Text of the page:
It may be time to admit that there will never in fact be a common European foreign and security policy. Long before the crisis over Iraq erupted, momentum towards the creation of such a policy was quietly ebbing away. Now the European Union not only is split down the middle on the most important issue of the day but will also, on present form, find itself in the same quandary every time there is a serious possibility of a fundamental breach with the US.
In its own region, the EU will have to go on trying at least to achieve common policies and a stronger role in maintaining security - if only because the US is likely to be less committed to doing so - in the Balkans, the west of the former Soviet Union, the Turkish-Greek-Cypriot imbroglio and the Maghreb.
The EU will almost certainly have to abandon any hope of either confronting, or seriously influencing, the US on any issue that a US administration considers of real importance, including the militarisation of space, nuclear proliferation and, above all, Israel. Successful confrontation would require measures more radical than any yet contemplated by European governments, while Tony Blair has
demonstrated that even support for the US that entails great domestic political risks brings no extra influence in Washing ton over matters of substance.
Note, too, that when it comes to the really important aspect of support for the US over Iraq, no European country has stepped out of line. In the end, the question of whether Germany or Italy agrees or disagrees publicly with the US is largely irrelevant to real US needs. Italy supports US policy but it is not sending troops to the Gulf and the US is not asking for them.
The US needs Europe for its military bases - and, above all, air bases and the odd communications centre such as Fylingdales in Yorkshire. And no European government has yet suggested denying the US the right to use these bases for war with Iraq, let alone closing them altogether.
The same can be said about European policies towards the Middle East peace process. Israel has shown that it is impervious to diplomatic pressure. The US has made clear that economic pressure would be seen by the US as tantamount to a European attack on its own vital interests, something Britain and other countries would implacably resist. So here too, barring an appalling convulsion, EU policy is, in effect, paralysed.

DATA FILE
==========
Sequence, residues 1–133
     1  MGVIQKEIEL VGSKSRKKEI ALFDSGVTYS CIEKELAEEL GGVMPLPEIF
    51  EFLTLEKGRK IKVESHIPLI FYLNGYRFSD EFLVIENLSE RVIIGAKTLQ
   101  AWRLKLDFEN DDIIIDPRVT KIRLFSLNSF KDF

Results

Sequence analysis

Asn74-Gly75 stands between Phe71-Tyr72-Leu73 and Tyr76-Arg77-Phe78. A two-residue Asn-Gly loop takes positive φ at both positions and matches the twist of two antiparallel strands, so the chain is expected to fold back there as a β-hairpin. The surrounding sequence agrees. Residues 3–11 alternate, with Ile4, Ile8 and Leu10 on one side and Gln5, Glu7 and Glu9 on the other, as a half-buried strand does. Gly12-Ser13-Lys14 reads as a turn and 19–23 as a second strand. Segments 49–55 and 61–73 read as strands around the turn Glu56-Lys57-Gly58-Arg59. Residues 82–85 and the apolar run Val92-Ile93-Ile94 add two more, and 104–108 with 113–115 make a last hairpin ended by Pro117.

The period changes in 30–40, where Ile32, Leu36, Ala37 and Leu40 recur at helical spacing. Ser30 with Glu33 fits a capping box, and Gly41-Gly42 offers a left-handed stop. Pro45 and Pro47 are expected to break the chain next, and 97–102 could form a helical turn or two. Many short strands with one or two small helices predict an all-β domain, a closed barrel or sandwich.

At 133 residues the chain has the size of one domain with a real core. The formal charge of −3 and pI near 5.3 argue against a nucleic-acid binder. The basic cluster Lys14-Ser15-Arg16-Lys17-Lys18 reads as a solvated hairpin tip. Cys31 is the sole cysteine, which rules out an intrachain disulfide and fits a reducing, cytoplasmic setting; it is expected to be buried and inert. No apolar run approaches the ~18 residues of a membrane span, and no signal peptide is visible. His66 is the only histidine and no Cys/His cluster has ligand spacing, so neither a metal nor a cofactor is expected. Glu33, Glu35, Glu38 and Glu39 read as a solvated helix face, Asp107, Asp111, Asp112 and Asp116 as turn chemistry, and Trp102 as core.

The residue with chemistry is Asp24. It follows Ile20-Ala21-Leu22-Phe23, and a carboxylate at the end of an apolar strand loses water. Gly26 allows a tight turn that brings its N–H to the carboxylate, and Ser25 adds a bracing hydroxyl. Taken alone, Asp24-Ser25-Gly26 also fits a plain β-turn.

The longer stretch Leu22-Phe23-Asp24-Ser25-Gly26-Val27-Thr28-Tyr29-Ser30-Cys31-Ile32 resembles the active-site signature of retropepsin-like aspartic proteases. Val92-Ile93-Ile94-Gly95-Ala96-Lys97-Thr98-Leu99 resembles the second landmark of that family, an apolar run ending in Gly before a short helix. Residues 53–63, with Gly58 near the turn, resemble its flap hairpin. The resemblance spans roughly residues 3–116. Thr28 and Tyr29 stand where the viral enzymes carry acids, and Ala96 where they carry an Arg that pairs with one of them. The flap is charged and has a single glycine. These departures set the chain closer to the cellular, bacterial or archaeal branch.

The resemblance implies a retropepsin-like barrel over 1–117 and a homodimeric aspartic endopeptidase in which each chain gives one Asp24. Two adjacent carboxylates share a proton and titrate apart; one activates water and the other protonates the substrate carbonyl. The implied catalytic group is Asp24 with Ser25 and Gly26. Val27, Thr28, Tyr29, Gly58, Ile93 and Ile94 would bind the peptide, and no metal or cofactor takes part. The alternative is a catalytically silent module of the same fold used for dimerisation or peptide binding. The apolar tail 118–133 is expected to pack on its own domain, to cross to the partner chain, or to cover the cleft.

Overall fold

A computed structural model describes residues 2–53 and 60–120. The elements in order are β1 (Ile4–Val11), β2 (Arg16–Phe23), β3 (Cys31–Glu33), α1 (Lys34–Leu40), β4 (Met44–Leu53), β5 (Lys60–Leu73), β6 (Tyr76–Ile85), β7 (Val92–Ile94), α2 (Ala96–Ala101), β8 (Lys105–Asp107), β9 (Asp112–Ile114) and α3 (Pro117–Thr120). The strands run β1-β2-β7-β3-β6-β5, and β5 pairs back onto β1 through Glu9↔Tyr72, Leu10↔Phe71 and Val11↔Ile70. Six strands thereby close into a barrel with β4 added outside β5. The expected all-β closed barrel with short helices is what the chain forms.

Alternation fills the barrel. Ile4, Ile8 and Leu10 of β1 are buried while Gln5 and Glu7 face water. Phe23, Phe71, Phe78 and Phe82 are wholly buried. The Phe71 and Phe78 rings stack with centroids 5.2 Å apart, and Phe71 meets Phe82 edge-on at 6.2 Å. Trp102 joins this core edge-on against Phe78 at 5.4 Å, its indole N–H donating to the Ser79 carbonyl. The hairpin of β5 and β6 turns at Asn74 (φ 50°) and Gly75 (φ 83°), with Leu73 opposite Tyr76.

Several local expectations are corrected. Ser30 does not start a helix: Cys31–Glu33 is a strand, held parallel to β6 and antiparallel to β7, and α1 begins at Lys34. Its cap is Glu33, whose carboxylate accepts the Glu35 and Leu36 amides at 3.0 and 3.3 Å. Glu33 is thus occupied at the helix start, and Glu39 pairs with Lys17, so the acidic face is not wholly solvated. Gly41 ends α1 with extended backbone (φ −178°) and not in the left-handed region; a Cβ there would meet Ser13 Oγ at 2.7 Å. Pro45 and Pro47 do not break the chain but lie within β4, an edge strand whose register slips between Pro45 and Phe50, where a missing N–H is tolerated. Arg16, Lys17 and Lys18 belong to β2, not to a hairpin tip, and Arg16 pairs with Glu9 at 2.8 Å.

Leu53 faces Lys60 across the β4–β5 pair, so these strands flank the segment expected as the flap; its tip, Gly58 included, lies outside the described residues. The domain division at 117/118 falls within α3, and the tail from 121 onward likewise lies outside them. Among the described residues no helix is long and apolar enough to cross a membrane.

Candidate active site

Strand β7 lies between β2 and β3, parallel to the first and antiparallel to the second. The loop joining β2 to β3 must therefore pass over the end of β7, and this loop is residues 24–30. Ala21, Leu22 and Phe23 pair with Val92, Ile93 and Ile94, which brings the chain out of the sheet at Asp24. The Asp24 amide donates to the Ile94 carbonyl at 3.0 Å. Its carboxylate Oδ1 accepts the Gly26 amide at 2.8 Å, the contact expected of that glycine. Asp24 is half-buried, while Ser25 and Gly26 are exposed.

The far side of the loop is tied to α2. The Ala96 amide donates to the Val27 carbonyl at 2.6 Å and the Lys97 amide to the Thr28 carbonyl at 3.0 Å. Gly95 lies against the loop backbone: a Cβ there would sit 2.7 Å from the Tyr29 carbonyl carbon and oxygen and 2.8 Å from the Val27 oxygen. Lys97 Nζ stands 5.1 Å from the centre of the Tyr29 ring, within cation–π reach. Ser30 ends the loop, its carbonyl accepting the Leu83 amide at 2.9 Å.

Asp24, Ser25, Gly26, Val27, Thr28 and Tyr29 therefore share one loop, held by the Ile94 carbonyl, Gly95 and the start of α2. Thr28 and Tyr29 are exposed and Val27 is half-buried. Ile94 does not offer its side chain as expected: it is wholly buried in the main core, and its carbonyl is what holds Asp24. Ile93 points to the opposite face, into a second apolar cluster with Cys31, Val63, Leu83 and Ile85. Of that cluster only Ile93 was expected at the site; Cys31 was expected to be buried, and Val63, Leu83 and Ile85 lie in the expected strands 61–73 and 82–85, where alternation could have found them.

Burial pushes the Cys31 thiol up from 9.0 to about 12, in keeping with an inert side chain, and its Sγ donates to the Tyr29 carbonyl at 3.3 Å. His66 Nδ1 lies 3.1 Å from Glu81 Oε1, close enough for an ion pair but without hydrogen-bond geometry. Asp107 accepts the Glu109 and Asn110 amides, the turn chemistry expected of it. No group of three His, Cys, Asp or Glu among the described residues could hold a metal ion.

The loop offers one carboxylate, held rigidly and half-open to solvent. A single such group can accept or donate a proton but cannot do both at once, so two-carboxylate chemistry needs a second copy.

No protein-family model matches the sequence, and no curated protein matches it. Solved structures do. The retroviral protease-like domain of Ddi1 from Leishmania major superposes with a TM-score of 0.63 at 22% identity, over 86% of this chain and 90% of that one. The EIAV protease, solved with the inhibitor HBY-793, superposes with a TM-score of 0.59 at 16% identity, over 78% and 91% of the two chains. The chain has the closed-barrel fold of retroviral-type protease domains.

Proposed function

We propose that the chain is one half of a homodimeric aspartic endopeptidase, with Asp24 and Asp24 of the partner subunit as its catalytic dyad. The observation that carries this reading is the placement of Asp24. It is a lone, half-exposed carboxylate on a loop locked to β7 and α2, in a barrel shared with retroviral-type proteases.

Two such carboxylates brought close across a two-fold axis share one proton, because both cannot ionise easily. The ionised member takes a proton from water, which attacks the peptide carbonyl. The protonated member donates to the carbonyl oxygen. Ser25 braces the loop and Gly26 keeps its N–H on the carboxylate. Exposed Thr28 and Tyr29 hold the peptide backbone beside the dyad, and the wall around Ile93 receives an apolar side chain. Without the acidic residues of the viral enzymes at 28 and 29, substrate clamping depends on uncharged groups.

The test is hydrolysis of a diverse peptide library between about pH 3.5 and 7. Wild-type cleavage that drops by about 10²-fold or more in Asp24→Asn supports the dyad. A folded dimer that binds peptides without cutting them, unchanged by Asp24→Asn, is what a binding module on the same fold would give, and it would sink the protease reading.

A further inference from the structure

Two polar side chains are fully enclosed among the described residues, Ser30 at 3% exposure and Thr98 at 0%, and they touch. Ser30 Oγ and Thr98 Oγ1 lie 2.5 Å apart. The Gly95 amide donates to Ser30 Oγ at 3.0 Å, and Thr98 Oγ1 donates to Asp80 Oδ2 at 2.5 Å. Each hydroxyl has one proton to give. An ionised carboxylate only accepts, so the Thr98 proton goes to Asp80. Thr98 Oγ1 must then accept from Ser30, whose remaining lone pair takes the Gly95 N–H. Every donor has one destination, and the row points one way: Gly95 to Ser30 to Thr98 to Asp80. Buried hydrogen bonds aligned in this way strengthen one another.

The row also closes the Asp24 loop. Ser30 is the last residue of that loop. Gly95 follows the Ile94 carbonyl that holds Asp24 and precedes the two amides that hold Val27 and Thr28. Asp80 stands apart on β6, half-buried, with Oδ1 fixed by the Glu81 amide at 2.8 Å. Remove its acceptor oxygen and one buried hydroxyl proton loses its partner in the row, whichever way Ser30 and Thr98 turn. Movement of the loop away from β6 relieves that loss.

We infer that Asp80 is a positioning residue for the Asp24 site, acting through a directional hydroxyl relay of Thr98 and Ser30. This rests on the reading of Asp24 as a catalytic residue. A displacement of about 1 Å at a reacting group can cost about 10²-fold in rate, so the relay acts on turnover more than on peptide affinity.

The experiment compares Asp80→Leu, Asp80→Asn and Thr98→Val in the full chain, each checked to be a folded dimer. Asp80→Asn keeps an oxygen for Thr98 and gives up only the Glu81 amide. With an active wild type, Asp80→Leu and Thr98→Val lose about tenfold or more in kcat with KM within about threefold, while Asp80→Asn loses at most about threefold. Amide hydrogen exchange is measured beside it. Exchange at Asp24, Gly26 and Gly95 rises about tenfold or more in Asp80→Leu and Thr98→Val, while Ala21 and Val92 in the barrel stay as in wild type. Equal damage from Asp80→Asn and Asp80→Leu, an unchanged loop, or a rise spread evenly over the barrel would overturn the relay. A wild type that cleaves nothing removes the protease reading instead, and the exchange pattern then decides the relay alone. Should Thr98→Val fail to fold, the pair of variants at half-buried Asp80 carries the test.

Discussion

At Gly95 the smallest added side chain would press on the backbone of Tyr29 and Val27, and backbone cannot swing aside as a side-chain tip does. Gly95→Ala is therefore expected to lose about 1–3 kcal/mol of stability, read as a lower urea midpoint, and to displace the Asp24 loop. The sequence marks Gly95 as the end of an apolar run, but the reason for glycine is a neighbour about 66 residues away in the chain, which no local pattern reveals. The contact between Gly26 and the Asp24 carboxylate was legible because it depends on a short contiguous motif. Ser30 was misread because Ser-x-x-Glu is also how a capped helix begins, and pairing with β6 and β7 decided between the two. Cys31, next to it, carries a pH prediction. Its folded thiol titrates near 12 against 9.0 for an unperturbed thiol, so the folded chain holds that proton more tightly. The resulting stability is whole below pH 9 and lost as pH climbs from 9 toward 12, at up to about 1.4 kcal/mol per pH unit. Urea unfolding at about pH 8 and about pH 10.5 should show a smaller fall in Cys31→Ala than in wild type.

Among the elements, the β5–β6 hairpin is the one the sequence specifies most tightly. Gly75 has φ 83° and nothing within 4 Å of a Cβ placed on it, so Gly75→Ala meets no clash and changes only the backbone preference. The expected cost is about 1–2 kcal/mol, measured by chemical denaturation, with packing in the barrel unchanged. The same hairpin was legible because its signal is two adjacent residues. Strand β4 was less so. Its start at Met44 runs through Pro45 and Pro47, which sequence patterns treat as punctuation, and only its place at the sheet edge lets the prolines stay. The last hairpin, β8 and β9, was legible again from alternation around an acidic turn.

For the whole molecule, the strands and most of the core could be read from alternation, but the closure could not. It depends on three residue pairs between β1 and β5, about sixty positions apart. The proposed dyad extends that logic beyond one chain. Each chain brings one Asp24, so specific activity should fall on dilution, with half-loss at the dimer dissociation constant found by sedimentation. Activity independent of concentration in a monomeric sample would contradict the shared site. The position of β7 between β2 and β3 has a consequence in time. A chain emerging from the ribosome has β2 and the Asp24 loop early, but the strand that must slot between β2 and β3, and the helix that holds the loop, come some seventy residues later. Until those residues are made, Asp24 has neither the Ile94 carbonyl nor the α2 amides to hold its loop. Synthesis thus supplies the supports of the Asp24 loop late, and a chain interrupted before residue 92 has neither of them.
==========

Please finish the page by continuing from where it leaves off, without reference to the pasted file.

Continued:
Especially in France, it is being suggested by some commentators that the way forward is to start again from the beginning. In certain crucial areas the original core of the EU would be re-founded: Germany, France and Benelux, with the other members relegated to a variety of outer spheres. This idea, however, cannot stand much serious analysis. The grouping would be economically incoherent, because it would exclude several important members of the including Italy; and it would be militarily feeble, because it would exclude Britain.
Above all, however, this group would be incoherent even over foreign and security policy. Despite opposition to war with Iraq, the German foreign and security elites, unlike the French, are determined to keep the US engaged in Europe. Moreover, for obvious and dreadful historical reasons, the Germans will for the foreseeable future never agree to sanctions against Israel. On vital issues therefore the new inner group would be not much different from the outer one and no more capable of acting effectively on the inter-national stage.
Oddly enough, one thing that could possibly enhance Europe's role, in the Middle East at least, would be the partial consequence of US policy. As a former senior US official declared in my presence, the US has "done everything but slap the German government across the face" in an effort to get the EU to agree to Turkish membership.
That Turkey should join the EU still seems highly unlikely - sharing common borders with Syria, Iraq and Iran would hardly be a boon to European security. But if Turkey ever did join, the EU would then be present in the Middle East and the US and Israel would be unable to deny Europe a role in the region. Washington and Jerusalem would be well and truly hoist with their own Turkish petard.
All this, however, is far in the future. For a long time to come, if the EU is to have a security policy at all, it will have to be modest and, above all, confined to the continent of Europe and its fringes. This may be the most Europe can achieve; it is also the least it should seek.
The writer is a senior associate at the Carnegie Endowment for International Peace in Washington, DC. His latest book is Ambiguous Neighbours: the EU, Nato and the price of membership, co-edited with Dmitri Trenin.
Originally published in the Financial Times, February 3, 2003